With the extreme weather conditions encountered this past growing season, we feel fortunate to get the kinds f yields that we did. Since we were on the ridge-till system, this allowed us to plant sooner than any of our neighbors using a conventional tillage system. The plots were planted 5/13/93, which was a full two days before anyone else could get out. We were able to achieve weed control just as good using no herbicide as compared to the narrow bands.

This tells us two things for the coming growing season. First, it says that with ridge-tilling, timely hoeing and cultivating can produce good weed control without herbicide use, even in an extremely difficult season as was 1993. It also says that perhaps the herbicide leached down too far because of the rain to be of much value. The trial could have been improved if we had another treatment of broadcasting herbicides or a treatment of post-emerge spray to see if the weed control could have been affected. What our project was really doing was fine tuning ridge-tillage with very little, or no herbicide use. We feel we have made more progress in that. In fact, our next goal is to become certified organic on our farm. We feel more confident that we can drop the option of limited herbicides in favor of no herbicide in order to make certified organics work on our farm. Since there were significant yield differences in the treatments, we feel confident that if properly managed, yields will not decrease when converting to certified organic. What we will have to watch is our fertility since we can no longer use liquid 28% N as a nitrogen source.

Because of the extreme wet conditions, we could not take the late spring soil nitrate tests. The amount of nitrogen used was based on past field history and experience with the test over the last six years. We are confident that the amount of nitrogen applied was within the parameters of the test guidelines. We also feel confident that stricter six-year crop rotations and the use of composted hog and cattle manure will meet the bulk of our fertility needs without the need to purchase much additional organic amendments.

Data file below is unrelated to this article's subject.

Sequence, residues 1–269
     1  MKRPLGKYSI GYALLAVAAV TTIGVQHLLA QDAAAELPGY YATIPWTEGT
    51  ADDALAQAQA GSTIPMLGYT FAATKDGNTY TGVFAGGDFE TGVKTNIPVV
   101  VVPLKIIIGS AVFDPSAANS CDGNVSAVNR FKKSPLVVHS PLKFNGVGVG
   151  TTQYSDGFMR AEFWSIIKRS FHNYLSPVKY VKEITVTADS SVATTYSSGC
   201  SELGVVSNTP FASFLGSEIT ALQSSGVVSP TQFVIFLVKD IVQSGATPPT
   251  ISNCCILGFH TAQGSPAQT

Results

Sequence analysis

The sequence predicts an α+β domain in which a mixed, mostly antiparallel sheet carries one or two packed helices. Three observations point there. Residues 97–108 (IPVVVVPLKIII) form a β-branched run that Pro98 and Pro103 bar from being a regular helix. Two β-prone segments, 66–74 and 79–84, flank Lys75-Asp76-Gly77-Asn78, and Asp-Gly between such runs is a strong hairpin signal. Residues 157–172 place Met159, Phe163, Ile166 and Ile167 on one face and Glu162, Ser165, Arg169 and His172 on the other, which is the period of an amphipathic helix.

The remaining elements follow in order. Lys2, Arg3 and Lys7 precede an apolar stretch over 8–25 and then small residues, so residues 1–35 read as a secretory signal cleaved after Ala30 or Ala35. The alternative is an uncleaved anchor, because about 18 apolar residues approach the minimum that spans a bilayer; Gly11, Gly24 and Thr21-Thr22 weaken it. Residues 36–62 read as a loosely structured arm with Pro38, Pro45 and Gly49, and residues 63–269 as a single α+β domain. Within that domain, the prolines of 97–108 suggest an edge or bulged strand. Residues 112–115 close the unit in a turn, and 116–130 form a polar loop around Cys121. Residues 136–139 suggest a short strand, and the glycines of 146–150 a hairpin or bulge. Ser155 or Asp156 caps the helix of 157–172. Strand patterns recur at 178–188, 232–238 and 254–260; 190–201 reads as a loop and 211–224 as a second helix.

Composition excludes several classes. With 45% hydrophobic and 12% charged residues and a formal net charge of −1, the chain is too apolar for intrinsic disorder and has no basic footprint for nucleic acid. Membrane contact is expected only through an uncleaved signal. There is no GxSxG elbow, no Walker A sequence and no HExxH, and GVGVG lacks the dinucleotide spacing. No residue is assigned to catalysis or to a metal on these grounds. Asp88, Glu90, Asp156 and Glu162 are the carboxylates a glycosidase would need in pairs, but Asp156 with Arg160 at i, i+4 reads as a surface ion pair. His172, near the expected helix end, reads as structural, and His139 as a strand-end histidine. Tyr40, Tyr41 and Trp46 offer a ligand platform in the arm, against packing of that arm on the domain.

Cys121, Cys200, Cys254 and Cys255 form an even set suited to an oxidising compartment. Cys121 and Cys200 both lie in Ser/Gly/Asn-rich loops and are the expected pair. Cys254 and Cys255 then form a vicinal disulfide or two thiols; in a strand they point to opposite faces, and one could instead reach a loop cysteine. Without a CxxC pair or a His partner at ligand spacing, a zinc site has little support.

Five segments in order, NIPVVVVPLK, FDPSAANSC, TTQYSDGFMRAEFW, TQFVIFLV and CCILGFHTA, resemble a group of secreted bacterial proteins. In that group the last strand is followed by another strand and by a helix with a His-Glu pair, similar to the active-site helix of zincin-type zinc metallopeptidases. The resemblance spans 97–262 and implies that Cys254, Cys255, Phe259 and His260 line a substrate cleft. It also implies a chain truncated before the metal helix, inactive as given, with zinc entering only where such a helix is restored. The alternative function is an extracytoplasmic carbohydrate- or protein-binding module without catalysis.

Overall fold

The impact of using ridge-tillage without any herbicides or even with narrow bands of herbicides could have tremendous impact if adoption were more widespread. Herbicide use could be lowered by over two-thirds by banding, and, or course, down to zero in many cases. Production costs with no herbicides was $61.62/acre less than Iowa state University’s estimated cost of production for the same yield goal.

Two scheduled field days were held to tell guests about the project. In addition, one unscheduled tour took place. The first field day was the cultivation field day held in late June with 48 in attendance. ABC World News Tonight with Peter Jennings was present with a crew to tape a segment for their “American Agenda” feature. Their presence was to coordinate a feature story with the National Academy of Science’s Report on the risk of pesticide use to children. With or without their presence, we feel the tour was very successful because we were able to demonstrate first cultivation of corn, and second cultivation or ridging of corn. There was a lot of interest and questions by those attending, many of whom were area farmers. (Only a handful of individuals knew in advance that ABC would cover the event).

The second scheduled field day was our annual PRACTICAL FARMERS OF IOWA field day on 9/2/93. 85 attended this event. We also hosted the National Sustainable Agricultural Advisory Council in early June where participants viewed the trial. We also demonstrated cultivation with a Buffalo cultivator in a strip of corn next to the trial which proved to be the highlight of the tour for the council members.

Results of the trial will be published in the annual PRACTICAL FARMERS OF IOWA experimental result booklet. We will also submit an article for one of the PFI newsletters in early 1994 and will share results with other farmers. How we will go about this has not yet been determined.


Participation Summary
Any opinions, findings, conclusions, or recommendations expressed in this publication are those of the author(s) and do not necessarily reflect the view of the U.S. Department of Agriculture or SARE.